People and their relatives said the home provided a good service, there was no discernible difference in the standards of care by the new providers and they enjoyed living at Viera Grey House. Many of the staff had been retained and were friendly, caring, attentive and provided the care and support people needed and in a way they liked. They thought the home’s atmosphere was relaxed and enjoyable.

The new providers were using the same recording systems as they gradually introduced new ones to promote continuity of care for people as staff were familiar with the systems in place. We looked at a sample of records that were clearly recorded, comprehensive, regularly reviewed and up to date. This enabled staff to continue to perform their duties well. People and their relatives were encouraged to discuss health needs with staff if they wished and they had access to community based health professionals, as required. They were protected from nutrition and hydration associated risks with balanced diets that also met their likes, dislikes and preferences. People said there was a variety of well-presented meal choices, the quality of the food was good and it was the type of food they liked.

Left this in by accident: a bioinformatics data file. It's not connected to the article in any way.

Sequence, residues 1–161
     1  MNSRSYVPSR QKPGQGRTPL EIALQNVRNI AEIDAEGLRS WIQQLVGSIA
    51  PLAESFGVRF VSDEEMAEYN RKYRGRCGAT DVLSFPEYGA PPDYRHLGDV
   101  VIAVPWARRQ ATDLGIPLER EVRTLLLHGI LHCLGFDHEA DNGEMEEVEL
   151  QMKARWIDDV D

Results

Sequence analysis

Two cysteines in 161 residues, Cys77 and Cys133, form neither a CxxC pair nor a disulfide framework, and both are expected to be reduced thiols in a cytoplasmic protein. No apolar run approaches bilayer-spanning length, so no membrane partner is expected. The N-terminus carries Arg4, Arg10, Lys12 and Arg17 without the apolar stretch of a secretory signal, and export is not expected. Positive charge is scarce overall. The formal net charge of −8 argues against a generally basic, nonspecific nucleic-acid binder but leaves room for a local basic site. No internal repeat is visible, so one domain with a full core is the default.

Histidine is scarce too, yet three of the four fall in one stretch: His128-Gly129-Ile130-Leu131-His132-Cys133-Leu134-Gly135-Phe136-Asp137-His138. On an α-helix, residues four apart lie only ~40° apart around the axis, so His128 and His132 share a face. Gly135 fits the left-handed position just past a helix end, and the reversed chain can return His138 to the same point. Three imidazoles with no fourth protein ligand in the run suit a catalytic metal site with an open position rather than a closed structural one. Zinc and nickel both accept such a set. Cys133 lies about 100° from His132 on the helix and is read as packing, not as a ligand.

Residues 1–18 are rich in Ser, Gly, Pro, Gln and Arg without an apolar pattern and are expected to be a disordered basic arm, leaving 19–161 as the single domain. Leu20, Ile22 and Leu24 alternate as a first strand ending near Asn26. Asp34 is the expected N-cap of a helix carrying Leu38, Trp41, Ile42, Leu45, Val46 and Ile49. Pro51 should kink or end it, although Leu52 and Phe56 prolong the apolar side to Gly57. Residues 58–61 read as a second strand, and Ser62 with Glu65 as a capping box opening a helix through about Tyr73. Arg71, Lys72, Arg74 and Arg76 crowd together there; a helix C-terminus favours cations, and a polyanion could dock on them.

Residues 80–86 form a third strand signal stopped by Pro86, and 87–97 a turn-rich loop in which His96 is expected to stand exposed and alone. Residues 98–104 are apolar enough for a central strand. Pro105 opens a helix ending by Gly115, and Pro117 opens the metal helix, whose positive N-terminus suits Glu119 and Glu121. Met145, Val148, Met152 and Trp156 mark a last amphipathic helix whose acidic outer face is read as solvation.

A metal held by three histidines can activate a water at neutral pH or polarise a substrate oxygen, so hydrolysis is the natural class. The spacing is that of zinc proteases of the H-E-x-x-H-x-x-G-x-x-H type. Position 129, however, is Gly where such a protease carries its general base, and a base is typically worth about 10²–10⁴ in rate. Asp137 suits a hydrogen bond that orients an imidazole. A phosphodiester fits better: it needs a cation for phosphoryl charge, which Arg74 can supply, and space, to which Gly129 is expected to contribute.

The home was well maintained, comfortably furnished, clean and provided a safe environment for people to live and staff to work in.

There was a thorough staff recruitment process that files demonstrated was followed. The staff knew people using the service well and were familiar with their likes, dislikes, wishes and needs. Staff had appropriate skills, training and were focussed on providing individualised care and support in a professional, friendly and supportive way. They said they were well supported by the management team who were approachable, open and honest. People using the service and relatives said they felt comfortable talking with the management team, who were responsive to their views and encouraged feedback from them. We saw that the home consistently monitored and assessed the quality of the service provided.